Be Water Wise
Clean, fresh water is a precious resource that is vital to our way of life. To ensure there is sufficient water for us and future generations, we must use this resource wisely.
For information on anything stated in the previous or any other water conservation-related efforts, please contact the Sonoma Marin Saving Water Partnership at email@example.com or call at 707-547-1909.
Below are resources to help you save water including rebates and water conservation tips for indoor and outdoor water use that will continue to help our community save water. Click the button on the right to register for leak alerts.
Water Conservation Tips
Indoor Conservation Tips
- Grab a wrench and fix that leaky faucet. It's simple, inexpensive, and can save significant gallons of water a week.
- Teach your children to turn the faucets off tightly after each use.
- Make sure there are aerators on all of your faucets.
- Insulate hot water pipes so you don't have to run as much water to get hot water to the faucet.
- When you clean your fish tank, use the water you've drained on your plants. The water is rich in nitrogen and phosphorus, providing you with a free and effective fertilizer.
- When you give your pet fresh water, don't throw the old water down the drain. Use it to water your trees or shrubs.
- While staying in a hotel or even at home, consider reusing your towels.
- When washing dishes by hand, don't let the water run while rinsing. Fill one sink with wash water and the other with rinse water.
- Let your pots and pans soak instead of letting the water run while you clean them.
- Install an instant water heater on your kitchen sink so you don't have to let the water run while it heats up.
- Cut back on rinsing dishes if your dishwasher is new. Newer models clean more thoroughly than older ones.
- For cold drinks keep a pitcher of water in the refrigerator instead of running the tap. This way, every drop goes down you and not the drain.
- Select one glass to use for drinking each day. If you do this, your dishwasher will take longer to fill up and it will not need to be run as frequently.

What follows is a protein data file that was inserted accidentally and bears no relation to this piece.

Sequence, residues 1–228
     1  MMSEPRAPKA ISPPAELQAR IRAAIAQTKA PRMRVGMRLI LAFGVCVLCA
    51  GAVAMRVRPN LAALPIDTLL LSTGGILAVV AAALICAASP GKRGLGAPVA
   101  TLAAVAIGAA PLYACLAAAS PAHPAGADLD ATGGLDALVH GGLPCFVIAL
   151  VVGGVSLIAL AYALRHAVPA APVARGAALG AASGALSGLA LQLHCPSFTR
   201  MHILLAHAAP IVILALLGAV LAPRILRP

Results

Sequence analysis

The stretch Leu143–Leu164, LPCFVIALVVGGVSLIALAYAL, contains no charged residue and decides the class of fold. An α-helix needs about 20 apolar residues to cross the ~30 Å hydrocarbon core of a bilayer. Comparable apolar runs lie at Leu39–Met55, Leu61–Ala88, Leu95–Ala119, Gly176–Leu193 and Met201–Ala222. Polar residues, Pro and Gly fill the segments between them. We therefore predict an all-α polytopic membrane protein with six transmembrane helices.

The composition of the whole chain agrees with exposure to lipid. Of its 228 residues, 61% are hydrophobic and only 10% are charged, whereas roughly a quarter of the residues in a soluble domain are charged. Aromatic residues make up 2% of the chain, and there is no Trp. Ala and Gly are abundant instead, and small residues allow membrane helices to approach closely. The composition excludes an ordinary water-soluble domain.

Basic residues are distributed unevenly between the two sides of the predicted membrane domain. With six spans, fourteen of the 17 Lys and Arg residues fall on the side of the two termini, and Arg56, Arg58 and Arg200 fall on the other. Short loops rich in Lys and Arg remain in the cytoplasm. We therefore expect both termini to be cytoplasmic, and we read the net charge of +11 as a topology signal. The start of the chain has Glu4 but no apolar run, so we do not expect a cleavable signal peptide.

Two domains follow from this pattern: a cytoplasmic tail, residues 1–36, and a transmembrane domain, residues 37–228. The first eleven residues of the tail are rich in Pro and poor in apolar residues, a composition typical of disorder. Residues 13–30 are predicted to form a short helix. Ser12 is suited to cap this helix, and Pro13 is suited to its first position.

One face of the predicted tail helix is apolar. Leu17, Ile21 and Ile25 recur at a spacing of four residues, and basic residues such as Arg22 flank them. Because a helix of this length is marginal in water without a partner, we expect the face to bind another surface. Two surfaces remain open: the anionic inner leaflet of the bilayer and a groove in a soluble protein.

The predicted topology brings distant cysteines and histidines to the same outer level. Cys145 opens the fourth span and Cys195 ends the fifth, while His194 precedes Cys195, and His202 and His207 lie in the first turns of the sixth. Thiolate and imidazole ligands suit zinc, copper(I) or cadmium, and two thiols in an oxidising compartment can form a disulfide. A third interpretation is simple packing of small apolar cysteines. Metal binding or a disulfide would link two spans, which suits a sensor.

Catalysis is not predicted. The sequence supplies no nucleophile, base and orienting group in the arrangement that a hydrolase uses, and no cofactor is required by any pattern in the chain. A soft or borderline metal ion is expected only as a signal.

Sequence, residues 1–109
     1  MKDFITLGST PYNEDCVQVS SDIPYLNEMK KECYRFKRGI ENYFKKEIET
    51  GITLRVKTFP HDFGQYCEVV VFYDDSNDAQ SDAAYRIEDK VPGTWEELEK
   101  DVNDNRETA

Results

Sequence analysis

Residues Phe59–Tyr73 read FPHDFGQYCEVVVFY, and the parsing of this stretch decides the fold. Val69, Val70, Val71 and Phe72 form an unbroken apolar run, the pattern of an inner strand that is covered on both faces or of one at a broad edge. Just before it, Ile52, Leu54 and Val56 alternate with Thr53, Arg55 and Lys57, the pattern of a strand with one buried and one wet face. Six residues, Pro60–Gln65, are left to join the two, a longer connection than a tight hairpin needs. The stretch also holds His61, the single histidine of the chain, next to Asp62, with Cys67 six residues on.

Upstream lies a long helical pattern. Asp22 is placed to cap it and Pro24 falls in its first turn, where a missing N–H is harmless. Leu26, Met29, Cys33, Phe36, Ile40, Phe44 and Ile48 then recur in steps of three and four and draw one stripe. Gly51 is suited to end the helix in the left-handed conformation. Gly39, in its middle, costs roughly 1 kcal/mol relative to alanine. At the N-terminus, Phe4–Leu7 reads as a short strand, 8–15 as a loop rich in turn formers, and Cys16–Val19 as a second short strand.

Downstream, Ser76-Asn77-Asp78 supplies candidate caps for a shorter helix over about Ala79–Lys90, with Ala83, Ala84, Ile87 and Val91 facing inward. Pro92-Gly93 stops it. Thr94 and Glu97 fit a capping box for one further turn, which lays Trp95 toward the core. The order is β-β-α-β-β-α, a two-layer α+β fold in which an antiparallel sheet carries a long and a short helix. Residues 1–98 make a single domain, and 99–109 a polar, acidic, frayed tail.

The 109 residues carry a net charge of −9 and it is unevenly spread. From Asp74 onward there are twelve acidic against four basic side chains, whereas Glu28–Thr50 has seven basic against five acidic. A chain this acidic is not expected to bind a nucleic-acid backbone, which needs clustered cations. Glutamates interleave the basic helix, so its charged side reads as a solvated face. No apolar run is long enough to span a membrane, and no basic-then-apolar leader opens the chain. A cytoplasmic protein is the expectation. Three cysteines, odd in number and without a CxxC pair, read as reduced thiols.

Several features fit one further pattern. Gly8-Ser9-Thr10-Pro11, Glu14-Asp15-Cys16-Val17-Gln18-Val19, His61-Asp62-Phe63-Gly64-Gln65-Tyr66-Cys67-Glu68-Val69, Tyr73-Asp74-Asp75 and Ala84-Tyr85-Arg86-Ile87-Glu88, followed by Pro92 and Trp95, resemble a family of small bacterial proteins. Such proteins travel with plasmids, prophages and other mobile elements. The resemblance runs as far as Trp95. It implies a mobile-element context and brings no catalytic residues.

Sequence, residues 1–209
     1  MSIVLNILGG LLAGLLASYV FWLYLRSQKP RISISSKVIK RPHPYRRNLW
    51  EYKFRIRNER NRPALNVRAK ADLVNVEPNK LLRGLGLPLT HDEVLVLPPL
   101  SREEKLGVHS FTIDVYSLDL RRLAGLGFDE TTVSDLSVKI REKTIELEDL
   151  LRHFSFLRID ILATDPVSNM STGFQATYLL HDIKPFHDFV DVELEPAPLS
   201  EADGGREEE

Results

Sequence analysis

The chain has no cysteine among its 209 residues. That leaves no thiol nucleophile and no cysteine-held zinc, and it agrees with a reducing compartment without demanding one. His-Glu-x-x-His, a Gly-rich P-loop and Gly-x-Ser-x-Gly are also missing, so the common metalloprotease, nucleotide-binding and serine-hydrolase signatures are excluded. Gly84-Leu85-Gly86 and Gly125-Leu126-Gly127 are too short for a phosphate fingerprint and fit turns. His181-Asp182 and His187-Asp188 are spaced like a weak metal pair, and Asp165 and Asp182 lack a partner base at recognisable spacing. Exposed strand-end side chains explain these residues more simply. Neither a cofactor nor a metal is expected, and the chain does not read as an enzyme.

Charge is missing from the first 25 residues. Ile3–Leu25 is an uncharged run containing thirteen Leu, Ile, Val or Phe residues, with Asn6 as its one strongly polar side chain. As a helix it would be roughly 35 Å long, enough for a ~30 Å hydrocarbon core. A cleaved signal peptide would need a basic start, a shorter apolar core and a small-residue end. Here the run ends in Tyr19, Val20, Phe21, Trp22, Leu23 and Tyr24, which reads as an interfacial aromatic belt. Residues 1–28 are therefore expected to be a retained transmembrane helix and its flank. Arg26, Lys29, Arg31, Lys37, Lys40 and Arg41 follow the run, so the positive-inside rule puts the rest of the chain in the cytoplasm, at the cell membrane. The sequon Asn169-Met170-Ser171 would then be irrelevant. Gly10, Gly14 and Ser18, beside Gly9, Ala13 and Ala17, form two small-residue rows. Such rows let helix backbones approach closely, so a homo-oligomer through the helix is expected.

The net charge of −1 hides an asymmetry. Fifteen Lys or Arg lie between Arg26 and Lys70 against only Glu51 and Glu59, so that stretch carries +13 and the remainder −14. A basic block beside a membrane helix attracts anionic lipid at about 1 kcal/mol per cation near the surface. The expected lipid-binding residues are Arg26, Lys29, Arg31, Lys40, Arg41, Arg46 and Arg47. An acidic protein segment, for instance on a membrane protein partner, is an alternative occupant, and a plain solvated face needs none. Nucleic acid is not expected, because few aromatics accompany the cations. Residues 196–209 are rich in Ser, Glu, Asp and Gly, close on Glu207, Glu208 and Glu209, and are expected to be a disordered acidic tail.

- Thaw foods in the refrigerator or in a bowl of hot water instead of using running water.
- Whenever possible, steam food in as little water as possible instead of boiling; this will also retain more of the nutrients.
- Select the proper size pans for cooking. Large pans require more cooking water than may be necessary.
- Use the garbage disposal sparingly. Compost trimmings and peelings from fruits and vegetables instead and save gallons every time.
- Wash your produce in the sink or a pan that is partially filled with water instead of running water from the tap; reuse the water to water houseplants.
- If you accidentally drop ice cubes when filling your glass from the freezer, don't throw them in the sink. Drop them in a house plant instead.
- Install ultra-low flush or dual flush toilets. The City of Cotati offers rebates for any such retrofits; for more information on this program, visit the Residential Toilet Retrofits page.
- Put food coloring in your toilet tank. If it seeps into the toilet bowl without flushing, you have a leak. Fixing it can save up to 1,000 gallons a month.
- Listen for dripping faucets and toilets that flush themselves. Fixing a leak can save 500 gallons each month.
- Make sure your toilet flapper doesn't stick open after flushing.
- If your toilet was installed prior to 1980, place a standard size brick or bottle filled with water in your toilet tank to cut down on the amount of water used for each flush. Be sure these devices do not interfere with operating parts.
- Drop your tissue in the trash instead of flushing it and save water every time.
- When you are washing your hands, don't let the water run while you lather.
- Plug the bathtub before turning the water on then adjust the temperature as the tub fills up.
- If your shower can fill a one-gallon bucket in less than 20 seconds, then replace it with a water-efficient showerhead. They're inexpensive, easy to install, and can save you up to 750 gallons a month.